Author: Audrey Carlan
Genre:  Romance
Rating:  3.5 out of 5

When their mother passed away, Evie Ross and her sister were each given a stack of letters, one to be opened every year on their birthday; letters their free-spirited mother hoped would inspire and guide them through adulthood. But although Evie has made a successful career, her desire for the stability and security she never had from her parents has meant she’s never experienced the best life has to offer. But the discovery of more letters hidden in a safe-deposit box points to secrets her mother held close, and possibly a new way for Evie to think about her family, her heart and her dreams.

Honestly, this just didn’t work for me, and it was the characters, not the writing. The writing was solid, the setting vivid—and made me want to visit someplace I’ve never been. But the characters…Evie was wishy washy. First, she’s been in love with this guy for years, then she doesn’t want anything to do with him. Then she falls into his arms. She wants to take it slow, then she just packs up and moves in with him. What? And the love interest. Controlling, completely ignoring anything she says, pressures her to move forward when she wants to take it slow. And, I’m sorry, but the twist at the end? That felt very clunky and convenient, not natural to the story at all.

Audrey Carlan is a bestselling author. To Catch a Dream is her newest novel.

(Galley courtesy of Halrequin/HQN in exchange for an honest review.)

Book Review and Blog Tour: The Vineyard at Painted Moon, by Susan Mallery

Image belongs to Harlequin.

TitleThe Vineyard at Painted Moon
AuthorSusan Mallery
Genre:  Fiction, romance
Rating:  3.0 out of 5

MacKenzie Dienes’s life isn’t perfect, but it’s as close as she could ever hope to get. Her marriage to Rhys, her best friend’s brother, is more friendship than true love. But passion is highly overrated, right? And she loves her job as the winemaker at Bel Apres, her in-laws’ vineyard. So what if it’s a family business and, even after decades of marriage and incredible professional success, she’s still barred from the family business meetings? It’s all enough…until one last night spent together leads to an incredibly honest—and painful—conversation. Rhys suggests that they divorce. They haven’t had a marriage in a long time and, while he wants her to keep her job at Bel Apres, he doesn’t think they should be married any longer. Shocked, MacKenzie reels at the prospect of losing the only family she’s ever really known…even though she knows deep in her heart that Rhys is right.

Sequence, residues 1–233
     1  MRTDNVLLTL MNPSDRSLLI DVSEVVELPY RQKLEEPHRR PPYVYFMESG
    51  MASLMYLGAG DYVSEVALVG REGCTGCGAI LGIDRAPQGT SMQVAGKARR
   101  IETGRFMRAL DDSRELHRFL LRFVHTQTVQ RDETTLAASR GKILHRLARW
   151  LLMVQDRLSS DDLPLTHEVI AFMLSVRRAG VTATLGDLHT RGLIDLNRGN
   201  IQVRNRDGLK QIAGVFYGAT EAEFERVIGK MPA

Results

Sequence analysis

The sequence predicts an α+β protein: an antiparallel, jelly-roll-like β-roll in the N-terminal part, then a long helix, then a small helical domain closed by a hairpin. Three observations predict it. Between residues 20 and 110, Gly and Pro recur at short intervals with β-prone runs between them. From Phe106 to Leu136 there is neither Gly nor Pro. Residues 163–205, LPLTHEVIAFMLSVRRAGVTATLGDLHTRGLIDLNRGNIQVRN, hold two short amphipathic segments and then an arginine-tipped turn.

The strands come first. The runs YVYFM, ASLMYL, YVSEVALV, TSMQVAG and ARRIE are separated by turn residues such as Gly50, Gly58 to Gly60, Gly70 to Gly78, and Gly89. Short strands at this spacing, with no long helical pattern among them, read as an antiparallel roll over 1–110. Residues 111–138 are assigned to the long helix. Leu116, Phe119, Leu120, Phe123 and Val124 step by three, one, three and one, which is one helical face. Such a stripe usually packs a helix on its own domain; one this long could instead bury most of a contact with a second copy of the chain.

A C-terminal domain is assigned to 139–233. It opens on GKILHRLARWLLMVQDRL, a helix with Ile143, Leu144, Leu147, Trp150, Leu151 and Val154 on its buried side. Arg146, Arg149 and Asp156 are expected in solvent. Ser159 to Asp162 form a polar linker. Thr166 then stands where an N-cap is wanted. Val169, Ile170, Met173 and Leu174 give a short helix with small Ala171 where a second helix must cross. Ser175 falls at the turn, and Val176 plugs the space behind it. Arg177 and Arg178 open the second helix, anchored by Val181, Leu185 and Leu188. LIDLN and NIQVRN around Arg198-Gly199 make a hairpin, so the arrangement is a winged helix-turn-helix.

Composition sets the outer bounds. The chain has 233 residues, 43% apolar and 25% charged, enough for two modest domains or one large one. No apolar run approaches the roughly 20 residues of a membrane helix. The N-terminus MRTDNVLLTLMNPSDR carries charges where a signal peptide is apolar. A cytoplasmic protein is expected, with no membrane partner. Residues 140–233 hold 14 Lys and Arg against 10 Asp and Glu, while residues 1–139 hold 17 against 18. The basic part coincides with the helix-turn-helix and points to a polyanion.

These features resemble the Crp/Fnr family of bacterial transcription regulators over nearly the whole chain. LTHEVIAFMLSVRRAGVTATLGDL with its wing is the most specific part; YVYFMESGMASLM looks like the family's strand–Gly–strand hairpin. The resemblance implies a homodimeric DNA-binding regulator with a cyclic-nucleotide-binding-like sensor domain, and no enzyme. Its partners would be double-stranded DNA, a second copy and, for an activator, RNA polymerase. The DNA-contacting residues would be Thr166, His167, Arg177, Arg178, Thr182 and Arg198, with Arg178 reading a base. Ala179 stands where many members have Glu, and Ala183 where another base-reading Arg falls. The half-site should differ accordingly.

But when MacKenzie discovers she’s pregnant, walking away to begin a new life isn’t so easy. She never could have anticipated the changes it would bring to the relationships she cherishes most: her relationship with Barbara, her mother-in-law and partner at Bel Apres, Stephanie, her sister-in-law and best friend, and Bel Apres, the company she’s worked so hard to put on the map.

MacKenzie has always dreamed of creating a vineyard of her own, a chance to leave a legacy for her unborn child. So when the opportunity arises, she jumps at it and builds the Vineyard at Painted Moon. But following her dreams will come at a high price—one that MacKenzie isn’t so sure she’s willing to pay…